A comprehensive resource for safe and responsible laser use

US: Apple repair guide lists laser damage to camera as a service item

Laser damage to the iPhone camera is listed as one of Apple’s “Out-of-Warranty Service” items, along with liquid damage, cracks and fractures, and bent phones.

This information comes from a 2014 “Visual/Mechanical Inspection” guide provided by Apple to authorized repair centers. An image from the document was provided by a worker to Consumer Reports’ Consumerist blog. In the upper right is the laser damage information:

Apple iPhone laser damage

This item is relatively new. Laser damage is not mentioned in the 2012 version of the iPhone Visual/Mechanical Inspection Guide.

From the Consumerist. For more on laser damage to consumer cameras and camcorders, see our Lasers and camera damage page.

US: Army Research Laboratory works on laser protection for eyes, sensors, etc.

An article on Military.com discusses the U.S. Army Research Laboratory, and its work to protect people, sensors and equipment from laser damage. ARL has done this type of work for almost 20 years.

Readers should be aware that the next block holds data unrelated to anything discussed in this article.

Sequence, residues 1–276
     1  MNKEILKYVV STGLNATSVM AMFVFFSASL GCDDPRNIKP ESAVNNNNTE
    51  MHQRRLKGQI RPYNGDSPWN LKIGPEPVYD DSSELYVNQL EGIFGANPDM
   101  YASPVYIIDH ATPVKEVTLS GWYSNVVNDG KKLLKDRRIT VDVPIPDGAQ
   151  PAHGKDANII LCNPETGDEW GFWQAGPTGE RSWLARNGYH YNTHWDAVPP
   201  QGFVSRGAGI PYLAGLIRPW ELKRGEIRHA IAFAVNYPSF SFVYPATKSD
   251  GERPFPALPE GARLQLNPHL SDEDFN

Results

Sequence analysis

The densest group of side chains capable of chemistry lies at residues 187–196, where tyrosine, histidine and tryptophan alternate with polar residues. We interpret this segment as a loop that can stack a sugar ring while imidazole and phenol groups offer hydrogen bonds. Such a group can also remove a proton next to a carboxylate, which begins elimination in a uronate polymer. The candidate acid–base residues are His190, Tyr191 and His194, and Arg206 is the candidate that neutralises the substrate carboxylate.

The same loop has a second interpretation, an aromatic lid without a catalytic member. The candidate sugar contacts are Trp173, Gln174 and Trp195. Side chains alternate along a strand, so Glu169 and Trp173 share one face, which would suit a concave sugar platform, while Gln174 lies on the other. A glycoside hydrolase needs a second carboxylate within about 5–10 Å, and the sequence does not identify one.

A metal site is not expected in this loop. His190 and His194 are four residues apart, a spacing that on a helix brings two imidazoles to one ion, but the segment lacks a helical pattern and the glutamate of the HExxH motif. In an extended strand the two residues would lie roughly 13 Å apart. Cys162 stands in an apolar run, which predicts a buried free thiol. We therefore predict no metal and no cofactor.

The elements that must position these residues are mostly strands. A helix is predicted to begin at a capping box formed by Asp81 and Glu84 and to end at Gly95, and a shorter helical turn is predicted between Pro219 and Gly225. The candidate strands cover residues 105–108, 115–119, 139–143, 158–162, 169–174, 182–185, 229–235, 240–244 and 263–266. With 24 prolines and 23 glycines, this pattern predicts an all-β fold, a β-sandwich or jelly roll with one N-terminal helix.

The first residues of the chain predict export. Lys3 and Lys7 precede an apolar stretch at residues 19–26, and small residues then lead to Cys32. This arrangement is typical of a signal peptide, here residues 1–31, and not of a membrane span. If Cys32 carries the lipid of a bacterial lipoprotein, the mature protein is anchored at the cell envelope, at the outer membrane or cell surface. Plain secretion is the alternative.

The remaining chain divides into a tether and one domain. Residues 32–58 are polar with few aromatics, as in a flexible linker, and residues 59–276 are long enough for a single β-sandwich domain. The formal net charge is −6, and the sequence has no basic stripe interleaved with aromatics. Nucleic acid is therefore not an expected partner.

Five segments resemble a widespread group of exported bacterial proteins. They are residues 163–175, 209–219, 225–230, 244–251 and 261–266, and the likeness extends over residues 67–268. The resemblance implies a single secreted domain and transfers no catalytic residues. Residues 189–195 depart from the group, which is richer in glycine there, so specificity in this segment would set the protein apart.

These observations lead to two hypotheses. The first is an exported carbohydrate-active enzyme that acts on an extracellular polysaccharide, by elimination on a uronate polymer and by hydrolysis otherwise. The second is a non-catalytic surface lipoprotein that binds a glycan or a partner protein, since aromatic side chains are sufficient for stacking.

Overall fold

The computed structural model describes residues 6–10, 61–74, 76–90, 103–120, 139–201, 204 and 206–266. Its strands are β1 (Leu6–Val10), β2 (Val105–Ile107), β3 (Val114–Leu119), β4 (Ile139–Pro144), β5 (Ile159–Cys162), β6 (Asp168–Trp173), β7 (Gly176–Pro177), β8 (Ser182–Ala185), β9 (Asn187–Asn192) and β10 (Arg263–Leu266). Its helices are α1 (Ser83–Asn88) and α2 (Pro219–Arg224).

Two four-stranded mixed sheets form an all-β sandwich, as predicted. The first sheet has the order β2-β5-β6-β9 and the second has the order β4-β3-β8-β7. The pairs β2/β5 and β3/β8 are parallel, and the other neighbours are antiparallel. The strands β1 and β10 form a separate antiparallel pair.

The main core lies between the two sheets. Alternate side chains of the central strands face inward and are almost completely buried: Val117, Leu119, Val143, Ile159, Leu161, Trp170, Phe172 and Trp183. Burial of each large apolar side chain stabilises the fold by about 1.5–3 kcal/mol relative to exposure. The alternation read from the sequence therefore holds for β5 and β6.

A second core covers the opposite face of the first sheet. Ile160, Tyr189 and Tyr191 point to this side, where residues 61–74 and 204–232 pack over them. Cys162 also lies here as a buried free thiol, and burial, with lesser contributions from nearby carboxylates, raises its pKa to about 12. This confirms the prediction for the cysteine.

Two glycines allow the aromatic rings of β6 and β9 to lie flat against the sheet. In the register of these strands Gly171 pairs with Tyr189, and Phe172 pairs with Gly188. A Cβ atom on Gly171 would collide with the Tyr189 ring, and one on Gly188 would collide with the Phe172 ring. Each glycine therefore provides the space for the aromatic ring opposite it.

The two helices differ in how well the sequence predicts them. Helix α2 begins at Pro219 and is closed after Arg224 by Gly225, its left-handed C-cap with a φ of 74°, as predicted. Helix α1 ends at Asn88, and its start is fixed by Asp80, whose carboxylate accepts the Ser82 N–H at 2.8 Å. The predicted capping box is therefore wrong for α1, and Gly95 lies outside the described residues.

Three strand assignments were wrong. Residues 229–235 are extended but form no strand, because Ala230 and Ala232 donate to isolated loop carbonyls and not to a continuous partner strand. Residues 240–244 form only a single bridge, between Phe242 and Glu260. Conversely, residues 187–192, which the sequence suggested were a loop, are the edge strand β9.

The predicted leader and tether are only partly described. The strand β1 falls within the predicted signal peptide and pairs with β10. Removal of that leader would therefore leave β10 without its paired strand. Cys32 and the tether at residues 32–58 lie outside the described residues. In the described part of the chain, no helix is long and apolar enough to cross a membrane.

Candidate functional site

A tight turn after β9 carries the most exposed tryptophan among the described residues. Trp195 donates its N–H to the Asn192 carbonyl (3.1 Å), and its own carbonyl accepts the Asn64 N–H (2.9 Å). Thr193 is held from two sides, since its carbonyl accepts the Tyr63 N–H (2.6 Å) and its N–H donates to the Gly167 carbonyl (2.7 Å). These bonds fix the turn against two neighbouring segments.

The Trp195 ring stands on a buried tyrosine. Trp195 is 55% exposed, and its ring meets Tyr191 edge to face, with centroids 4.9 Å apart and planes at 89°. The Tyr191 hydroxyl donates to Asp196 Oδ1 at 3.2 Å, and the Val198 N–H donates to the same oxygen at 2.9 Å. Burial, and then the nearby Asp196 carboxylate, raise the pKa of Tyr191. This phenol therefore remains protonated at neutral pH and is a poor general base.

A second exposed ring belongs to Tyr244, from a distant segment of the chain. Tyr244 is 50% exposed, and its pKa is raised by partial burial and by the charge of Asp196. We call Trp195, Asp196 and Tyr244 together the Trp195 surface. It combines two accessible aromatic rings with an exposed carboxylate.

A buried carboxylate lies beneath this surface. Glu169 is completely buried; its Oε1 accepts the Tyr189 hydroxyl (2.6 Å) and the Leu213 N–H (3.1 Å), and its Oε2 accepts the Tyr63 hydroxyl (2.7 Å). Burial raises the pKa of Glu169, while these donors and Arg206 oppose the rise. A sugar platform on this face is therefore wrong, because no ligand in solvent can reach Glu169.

Laser protection team leader Andy Mott was quoted as saying “Lasers of varying pulse width and wavelength are being developed every day. We protect against the known threats, and unknown ones. We develop protection for electronic sensors of the future, as well as the sighting systems of today.”

More details are at the Military.com story

World: Discussion of how lasers damage imaging sensors

A June 2013 discussion on the Image Sensors World blog is about how “concert lasers” can damage image sensors. The discussion begins with a few videos showing damage to high-end cameras such as the RED Epic and a Canon 5D Mark II. Then participants give their ideas for how this damage occurs.

This is being posted because some persons may find the ideas presented to be useful. An additional resource is a page at the International Laser Display Association, about
damage to cameras at laser light shows.

From Image Sensors World